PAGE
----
Marawi’s Ground Zero residents can start rebuilding homes by “middle of 2020”

MARAWI CITY (MindaNews / 02 November) – Residents in the 24 barangays across the 250-hectare Ground Zero, the battleground between government forces and the Islamic State-inspired Maute Group and its allies last year, will be able to return home “middle of 2020,” the Task Force Bangon Marawi (TFBM) said.

TFBM chair and Housing Secretary Eduardo del Rosario announced at the groundbreaking rites at the Rizal Park last Tuesday that displaced residents from Ground Zero, now referred to as Most Affected Area (MAA) will be able to return to rebuild their homes by “middle of 2020.”

Del Rosario led the groundbreaking in lieu of President Rodrigo Duterte.

Residents scavenge for whatever has value from the ruins of their homes and buildings during the Kambisita sa MAA (Visit the Most Affected Area) on May 9, 2018. Kambisita allowed residents of Ground Zero to visit their villages at three days per sector, from 6 a.m. to 3 p.m. on April 1 to May 10. MindaNews photo by FROILAN GALLARDO

Developers, he said, need 18 months for the debris management and road network widening and provision of basic utilities, after which “you will be allowed to construct your houses provided kukuha kayo ng building permit sa city.”

Eighteen months from October 2018 is April 2020.

Del Rosario said building permits must be secured from the city government so these are recorded and taxed. No construction will be allowed if these are not registered, he said.

He was apparently referring to the problem in pre-siege Marawi, where a number of buildings were constructed without permit.

“Rapid development”

Housing Undersecretary Falconi Millar, head of the TFBM Secretariat, started his presentation on the MAA Project Brief by saying that October 30, 2018 was a “very historic day” in that it “will mark the start of the rapid development inside the Most Affected Area.”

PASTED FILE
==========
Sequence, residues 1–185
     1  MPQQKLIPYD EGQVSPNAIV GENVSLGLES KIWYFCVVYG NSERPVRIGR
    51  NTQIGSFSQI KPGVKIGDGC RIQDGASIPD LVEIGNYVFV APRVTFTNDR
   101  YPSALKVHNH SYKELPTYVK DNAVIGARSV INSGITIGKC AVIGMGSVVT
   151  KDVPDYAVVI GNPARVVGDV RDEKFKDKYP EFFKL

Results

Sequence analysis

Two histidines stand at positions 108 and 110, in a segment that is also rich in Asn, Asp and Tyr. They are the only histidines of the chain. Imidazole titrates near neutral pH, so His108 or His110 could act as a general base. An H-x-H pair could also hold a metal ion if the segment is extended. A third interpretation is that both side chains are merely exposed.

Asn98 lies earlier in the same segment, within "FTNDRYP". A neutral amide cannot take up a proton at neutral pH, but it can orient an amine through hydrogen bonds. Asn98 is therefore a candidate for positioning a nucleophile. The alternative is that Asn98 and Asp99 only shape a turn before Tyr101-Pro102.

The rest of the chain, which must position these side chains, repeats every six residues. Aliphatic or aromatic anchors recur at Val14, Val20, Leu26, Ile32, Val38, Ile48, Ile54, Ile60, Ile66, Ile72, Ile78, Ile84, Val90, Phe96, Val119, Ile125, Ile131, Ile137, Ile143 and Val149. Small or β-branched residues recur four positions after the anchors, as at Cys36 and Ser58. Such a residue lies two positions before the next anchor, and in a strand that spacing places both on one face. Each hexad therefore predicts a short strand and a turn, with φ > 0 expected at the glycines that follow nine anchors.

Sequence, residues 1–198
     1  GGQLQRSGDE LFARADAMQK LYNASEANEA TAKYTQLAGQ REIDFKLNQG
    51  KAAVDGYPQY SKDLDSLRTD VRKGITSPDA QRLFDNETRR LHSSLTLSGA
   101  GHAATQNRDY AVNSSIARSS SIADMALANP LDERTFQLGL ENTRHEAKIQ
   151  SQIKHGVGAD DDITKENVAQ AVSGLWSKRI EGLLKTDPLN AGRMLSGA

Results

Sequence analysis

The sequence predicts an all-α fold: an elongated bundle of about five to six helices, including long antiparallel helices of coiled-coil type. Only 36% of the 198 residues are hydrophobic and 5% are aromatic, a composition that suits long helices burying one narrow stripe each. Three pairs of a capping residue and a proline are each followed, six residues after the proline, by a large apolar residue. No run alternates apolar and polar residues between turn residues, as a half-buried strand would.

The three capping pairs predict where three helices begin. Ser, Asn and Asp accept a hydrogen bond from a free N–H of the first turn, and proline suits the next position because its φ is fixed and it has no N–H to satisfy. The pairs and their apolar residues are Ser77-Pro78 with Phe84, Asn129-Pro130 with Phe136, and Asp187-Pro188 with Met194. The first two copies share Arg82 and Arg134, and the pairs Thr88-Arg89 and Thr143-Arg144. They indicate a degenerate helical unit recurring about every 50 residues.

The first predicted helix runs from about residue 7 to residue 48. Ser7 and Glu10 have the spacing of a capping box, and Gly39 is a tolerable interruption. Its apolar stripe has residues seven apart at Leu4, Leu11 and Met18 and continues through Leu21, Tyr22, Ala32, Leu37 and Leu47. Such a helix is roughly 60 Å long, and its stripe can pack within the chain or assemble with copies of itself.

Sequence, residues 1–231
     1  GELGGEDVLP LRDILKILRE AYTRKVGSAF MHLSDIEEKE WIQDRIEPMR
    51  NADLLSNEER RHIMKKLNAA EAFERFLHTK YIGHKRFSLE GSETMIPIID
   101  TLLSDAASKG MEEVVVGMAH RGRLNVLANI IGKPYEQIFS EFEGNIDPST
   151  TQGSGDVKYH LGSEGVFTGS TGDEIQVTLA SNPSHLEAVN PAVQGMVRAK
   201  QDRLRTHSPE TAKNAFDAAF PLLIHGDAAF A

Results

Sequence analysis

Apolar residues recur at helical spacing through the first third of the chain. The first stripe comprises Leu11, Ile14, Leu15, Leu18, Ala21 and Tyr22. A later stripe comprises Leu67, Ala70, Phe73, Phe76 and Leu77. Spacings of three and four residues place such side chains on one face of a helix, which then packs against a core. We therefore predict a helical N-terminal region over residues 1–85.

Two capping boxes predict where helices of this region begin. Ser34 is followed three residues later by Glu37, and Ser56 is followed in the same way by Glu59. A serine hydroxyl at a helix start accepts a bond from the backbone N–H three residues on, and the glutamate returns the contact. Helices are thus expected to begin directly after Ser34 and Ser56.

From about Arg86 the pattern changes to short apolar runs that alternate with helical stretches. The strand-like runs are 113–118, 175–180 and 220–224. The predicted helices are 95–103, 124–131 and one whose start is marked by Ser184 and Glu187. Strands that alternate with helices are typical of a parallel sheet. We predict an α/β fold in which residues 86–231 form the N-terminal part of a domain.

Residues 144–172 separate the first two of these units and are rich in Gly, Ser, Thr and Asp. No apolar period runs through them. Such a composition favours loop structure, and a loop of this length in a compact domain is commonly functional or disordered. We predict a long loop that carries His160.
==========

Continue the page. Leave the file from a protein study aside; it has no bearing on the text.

“The reconstruction of Marawi City as promised by President Rodrigo Roa Duterte starts today,” he said, adding that groundbreaking is “merely ceremonial” but in their hearts, it “would be a very, very meaningful day” because “puspusan na po ang susunod na makikita ninyong mga gawain dito sa Most Affected Area” (you will see rapid development here in the MAA).

Duterte declared Marawi “liberated from the terrorist influence that marks the beginning of rehabilitation for the people” on October 17, 2017.

It took one year and 13 days before the Duterte administration could break ground to signal the start of the MAA rehabilitation.

Del Rosario asked for “understanding for what happened” and “patience and cooperation for the whole duration of the rehabilitation” which he assured would be completed by end of 2021.

He said reconstructing “a much better, prosperous Marawi City” was estimated to take five to seven years but “we will do it in three years and that is only possible if magkaisa tayo” (we unite).

“New Marawi”

Tarpaulins bearing the message “Marawi will rise again!” were displayed prominently onstage, near the site of the laying of the time capsule and in strategic areas in the MAA.

Among the features of the “New Marawi” that would rise by yearend of 2021, Millar, said are a museum, memorial park, fire station, police station, Grand Padian (market) , a convention center that can seat around 1,500, a parking building, elementary and high schools, school of living tradition, hospital, inter-modal transport terminal, seaport, and a lakeside promenade.

He also mentioned the construction of 24 barangay halls for each of the villages of Ground Zero.

He said there would be a sewage treatment plant in and out of the MAA, and underground cables for public utilities so that “wala tayong makikitang parang sampayan na koryente sa kalsada” (we won’t see cables overhead that look like clotheslines on the road).

“Wow,” said some in the audience.

“In any phase of the development, kahit anong hakbang (in whatever step we take), Islamic and cultural sensitivities will be the foremost consideration,” he said, adding that “in every phase of the development, we will have dialogues with you, we will consult you.”